Cartama's origins can be traced as far back to the time of the Phoenicians. They were the ones who dubbed the place "Cartha", which means "hidden city". This was already after they established a community in Malaga.
From the moment the Romans moved in up until the time they left six centuries after, many developments took place here. This was confirmed by the discovery of numerous archaeological sites in the area, which revealed heaps of sculptures, mosaics, and ewven remnants of Roman burial grounds and roads.
One important archaeological find is the second century AD column that is now known as the Humilladero Cross. Cartama, which was already named "Cartima" by the Romans then, was very popular for its public baths because their waters were believed capable of healing diseases and ailments.
When the Iberian Peninsula fell under Moorish rule, Cartama became one of its prized locations. Being situated at the end of the rio Guadalhorce's navigable waters, the Moors immediately recognized its strategic importance in Malaga's lines of defense - the river banks of Cartama provided the best place to launch an attack to the provincial capital.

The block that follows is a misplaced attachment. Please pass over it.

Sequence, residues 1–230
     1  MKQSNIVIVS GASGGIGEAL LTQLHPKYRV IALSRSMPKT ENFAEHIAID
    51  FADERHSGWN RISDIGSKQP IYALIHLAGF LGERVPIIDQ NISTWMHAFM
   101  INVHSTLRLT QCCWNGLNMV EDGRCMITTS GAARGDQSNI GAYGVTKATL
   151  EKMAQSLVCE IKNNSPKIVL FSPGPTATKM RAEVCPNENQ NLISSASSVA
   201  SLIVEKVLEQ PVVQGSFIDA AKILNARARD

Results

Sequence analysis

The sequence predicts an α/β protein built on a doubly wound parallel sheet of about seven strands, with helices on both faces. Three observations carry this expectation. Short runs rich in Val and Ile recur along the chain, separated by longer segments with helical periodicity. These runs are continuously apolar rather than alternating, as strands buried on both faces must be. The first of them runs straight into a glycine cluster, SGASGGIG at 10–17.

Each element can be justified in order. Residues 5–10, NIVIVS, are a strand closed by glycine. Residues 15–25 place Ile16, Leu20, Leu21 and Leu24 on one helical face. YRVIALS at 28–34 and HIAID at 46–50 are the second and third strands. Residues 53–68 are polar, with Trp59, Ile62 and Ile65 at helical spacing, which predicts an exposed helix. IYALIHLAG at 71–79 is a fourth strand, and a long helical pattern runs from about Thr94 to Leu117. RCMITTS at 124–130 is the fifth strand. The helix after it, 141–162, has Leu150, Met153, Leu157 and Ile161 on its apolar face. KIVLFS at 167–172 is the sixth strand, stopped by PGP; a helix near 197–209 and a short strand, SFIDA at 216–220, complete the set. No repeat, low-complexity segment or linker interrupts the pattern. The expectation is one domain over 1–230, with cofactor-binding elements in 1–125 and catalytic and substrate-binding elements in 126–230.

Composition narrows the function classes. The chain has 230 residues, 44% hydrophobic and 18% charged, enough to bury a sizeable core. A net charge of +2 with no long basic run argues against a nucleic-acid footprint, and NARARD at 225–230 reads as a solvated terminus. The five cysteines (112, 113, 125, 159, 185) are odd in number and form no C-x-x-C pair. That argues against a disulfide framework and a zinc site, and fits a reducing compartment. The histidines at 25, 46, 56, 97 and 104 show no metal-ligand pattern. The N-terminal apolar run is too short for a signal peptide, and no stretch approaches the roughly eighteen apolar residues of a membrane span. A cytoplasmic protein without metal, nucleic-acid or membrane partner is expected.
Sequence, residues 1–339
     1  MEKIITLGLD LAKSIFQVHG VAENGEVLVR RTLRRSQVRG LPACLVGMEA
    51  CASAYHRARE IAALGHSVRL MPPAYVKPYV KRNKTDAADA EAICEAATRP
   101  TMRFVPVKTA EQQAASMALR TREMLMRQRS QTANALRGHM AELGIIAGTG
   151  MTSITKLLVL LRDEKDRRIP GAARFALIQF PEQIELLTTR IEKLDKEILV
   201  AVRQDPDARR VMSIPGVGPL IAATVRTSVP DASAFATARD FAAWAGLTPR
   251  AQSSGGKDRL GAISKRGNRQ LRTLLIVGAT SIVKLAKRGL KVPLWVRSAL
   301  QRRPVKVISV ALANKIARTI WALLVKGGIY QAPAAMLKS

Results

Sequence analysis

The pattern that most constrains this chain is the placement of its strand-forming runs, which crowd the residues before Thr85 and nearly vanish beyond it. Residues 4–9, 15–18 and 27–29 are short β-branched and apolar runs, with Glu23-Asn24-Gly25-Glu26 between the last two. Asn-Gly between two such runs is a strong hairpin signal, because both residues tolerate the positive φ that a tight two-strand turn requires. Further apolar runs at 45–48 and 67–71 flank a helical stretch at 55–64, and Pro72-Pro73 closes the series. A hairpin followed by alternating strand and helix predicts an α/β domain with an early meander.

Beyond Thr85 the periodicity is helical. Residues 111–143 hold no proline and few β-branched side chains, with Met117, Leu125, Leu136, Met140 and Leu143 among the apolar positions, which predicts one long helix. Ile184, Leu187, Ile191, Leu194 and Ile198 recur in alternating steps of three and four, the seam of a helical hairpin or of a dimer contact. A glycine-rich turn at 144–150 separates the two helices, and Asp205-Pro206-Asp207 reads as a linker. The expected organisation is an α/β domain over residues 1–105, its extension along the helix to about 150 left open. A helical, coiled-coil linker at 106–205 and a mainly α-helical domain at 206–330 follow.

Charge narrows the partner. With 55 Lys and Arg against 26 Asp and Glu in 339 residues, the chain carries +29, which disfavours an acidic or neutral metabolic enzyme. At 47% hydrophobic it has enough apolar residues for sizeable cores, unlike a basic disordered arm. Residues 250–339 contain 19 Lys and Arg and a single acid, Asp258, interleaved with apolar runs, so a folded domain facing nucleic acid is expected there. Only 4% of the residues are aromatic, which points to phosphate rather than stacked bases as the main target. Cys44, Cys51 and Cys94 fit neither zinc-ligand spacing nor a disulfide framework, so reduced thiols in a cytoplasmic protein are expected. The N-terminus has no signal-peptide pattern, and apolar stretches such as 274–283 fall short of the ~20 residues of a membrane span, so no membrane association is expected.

It is for this reason that they constructed a formidable fortress overlooking the entire village and its surrounding landscape. It is believed to have been constructed in the 10th century and served its purpose especially in the 13th and 15th centuries, during the Reconquista and Granada War.
The strategic value of the town was confirmed when records of the castle's downfall in the hands of the Catholic Monarchs were found in the bas-reliefs of the Coro in the Cathedral of Toledo.
Unfortunately, the castle - just like many Moorish castles in the region - was not restored to its original form and they had no intention to. Such was the practice then. In fact, Moorish structures, especially those with religious value, were torn down and Christian replacements were constructed in their stead.
One such construction was that of the Church of Saint Peter of the Apostle, which was built on top of a mosque. You can actually find many churches in Malaga that bear similar origins.